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An investigation to find the lowest temperature that kills all the yeast cells in a suspension of either dried or fresh baker's yeast

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Introduction

An investigation to find the lowest temperature that kills all the yeast cells in a suspension of either dried or fresh baker's yeast. The aim of this investigation is to determine at what exact temperature all the yeast cells in a 10% suspension die with no interference from other factors which may affect the results. As shown in my appendix I am looking for when the decline part of the mixtures metabolic state is absolutely 0. (ref. appendix 1) Bakers yeast is a species of yeast formally known as Saccharomyces Cerevisiae. It is eukaryotic and its key metabolic process under normal conditions used in producing cellular energy required is aerobic respiration. When a yeast cell respires aerobically alike human tissue cells sugar (glucose/sucrose) and oxygen are used and produce along with energy (ATP) the waste products of water and carbon dioxide.(1) C6H12O6 + 6O2 6CO2 + 6H2O A main use for yeast is its ability to produce alcohol (ethanol) from sugar during anaerobic respiration. Anaerobic respiration is commonly known as fermentation and occurs only when there is no oxygen present. When Yeast cells respire anaerobically they produce energy (ATP), alcohol and carbon dioxide.(2) C6H12O6 2C2H5OH + 2CO2 Microbes such as yeast have optimal temperatures within which they work most efficiently, the reason for this is that the enzymes within the yeast cell are the direct reason that yeast has its particular qualities and the biochemical reactions they carry out are most active at the optimal temperature. ...read more.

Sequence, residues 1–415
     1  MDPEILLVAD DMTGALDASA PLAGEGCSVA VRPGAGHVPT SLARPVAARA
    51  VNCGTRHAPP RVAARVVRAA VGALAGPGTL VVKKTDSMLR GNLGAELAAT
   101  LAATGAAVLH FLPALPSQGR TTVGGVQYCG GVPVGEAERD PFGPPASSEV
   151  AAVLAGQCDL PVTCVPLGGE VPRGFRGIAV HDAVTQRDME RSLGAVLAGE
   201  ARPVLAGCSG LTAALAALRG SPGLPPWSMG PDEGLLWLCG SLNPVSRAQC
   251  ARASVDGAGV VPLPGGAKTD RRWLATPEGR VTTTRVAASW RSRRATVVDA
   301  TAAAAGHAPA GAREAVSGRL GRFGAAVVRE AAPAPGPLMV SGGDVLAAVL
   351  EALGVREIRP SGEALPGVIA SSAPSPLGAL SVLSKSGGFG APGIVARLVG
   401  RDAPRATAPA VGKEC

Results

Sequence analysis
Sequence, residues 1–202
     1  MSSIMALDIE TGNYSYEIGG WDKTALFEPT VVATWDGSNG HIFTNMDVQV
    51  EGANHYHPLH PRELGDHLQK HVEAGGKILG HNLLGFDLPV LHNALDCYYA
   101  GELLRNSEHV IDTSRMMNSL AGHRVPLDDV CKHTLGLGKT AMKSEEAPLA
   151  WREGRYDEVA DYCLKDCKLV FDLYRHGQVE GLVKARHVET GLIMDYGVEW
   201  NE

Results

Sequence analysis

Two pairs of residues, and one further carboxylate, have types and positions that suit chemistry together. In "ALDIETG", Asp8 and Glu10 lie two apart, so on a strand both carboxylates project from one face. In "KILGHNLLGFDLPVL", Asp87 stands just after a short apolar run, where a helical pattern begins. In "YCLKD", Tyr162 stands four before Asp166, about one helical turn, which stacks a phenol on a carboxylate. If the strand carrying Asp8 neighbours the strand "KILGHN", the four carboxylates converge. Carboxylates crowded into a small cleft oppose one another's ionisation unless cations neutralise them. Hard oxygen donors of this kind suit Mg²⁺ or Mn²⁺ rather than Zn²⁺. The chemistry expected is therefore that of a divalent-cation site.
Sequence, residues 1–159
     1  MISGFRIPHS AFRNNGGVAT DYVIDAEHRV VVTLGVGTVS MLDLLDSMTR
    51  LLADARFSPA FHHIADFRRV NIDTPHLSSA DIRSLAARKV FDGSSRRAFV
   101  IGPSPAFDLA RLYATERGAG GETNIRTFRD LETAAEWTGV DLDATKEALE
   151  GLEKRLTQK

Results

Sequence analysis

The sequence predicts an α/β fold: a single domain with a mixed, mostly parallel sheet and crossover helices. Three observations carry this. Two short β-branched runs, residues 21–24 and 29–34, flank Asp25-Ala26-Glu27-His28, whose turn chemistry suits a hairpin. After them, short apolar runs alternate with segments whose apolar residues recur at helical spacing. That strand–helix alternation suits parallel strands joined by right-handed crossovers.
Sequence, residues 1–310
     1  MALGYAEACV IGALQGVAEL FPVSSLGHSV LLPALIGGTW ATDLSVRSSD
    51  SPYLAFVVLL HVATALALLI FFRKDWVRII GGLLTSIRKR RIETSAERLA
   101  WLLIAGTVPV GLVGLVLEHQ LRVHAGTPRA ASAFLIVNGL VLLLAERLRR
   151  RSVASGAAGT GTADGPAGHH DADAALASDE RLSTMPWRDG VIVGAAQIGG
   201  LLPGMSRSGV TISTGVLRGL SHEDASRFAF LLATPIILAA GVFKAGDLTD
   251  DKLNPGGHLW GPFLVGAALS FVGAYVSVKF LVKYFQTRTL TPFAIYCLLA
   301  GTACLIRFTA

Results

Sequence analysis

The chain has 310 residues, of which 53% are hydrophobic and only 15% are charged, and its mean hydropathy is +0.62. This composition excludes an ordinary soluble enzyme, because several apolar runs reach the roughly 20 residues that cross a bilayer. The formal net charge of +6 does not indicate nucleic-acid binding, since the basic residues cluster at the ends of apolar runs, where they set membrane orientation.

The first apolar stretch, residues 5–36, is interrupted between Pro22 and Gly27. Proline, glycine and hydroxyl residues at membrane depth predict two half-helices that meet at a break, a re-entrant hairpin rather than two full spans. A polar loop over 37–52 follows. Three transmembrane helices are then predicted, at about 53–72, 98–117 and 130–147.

Middle

minute, I shall therefore set a control sample which I shall heat up to 100oC which is more than overkill to the yeast cells and will definitely kill all of them (and turn the mixture blue) with this sample I shall take a colorimeter density reading and with this and I can then take samples of each temperature samples and compare them to that of the control using the colorimeter. I think that the cells will be completely killed at around 70 - 80oC the reason for this is that as I said earlier yeast cells generally work optimally around 35oC and after optimal level (exponential phase) it reaches a deceleration phase which usually is quite gradual and I predict that it would take around 30 - 40oC above the optimal temperature to reach the decline phase which is a quick drop in number of living cells and also my preliminary work (ref. appendix part 2) shows that this is the region of temperature where all of the yeast cells were killed. Apparatus 10% suspension of yeast 10% solution of glucose 1.0% methylene blue indicator 16 50cm3 beakers 2 25cm3 measuring cylinders Stop clock 6 digital thermometers Water bath Bunsen burner Colorimeter Method 1. Firstly I will preheat the 6 water baths to their corresponding temperatures i.e. 40, 50,60,70,80 and 90oC ready for the main part of the investigation. ...read more.

Conclusion

I shall also handle the boiling tubes and thermometers with care as they are made from glass and if cracked are sharp and dangerous. Results tables Temperature (oC) 100 (control) 40 50 60 70 80 90 Colorimeter density reading I shall repeat my test 3 times for each temperature, these repeats of the test from 40oC up to 90oC show weather my results are anomalies if no anomalies seem present an average can be worked out by adding the first, second and third density reading for the particular temperature together and then dividing by 3.(if it seems that there is an anomaly in my readings I shall repeat another time and use the 3 that correlate most. Presume the control density was 83, there will be 2 temperatures within this table which the first will be less than this value and the later would be the same. Lets say 70oC and 80oC are these temperatures 70oC having a density of 77 and 80oC having 83. The lowest temperature at which all the yeast cells are killed lies between these two points and I shall then produce a graph showing the temperatures between 70oC and 80oC and their densities I shall then do 3 tests at each of these temperatures starting with 75oC (this meaning less time wasted as you can tell if it is above or below the middle value) which will give me the exact temperature at which all the cells in a 10% suspension of bakers yeast are killed correct to 1oC. ...read more.

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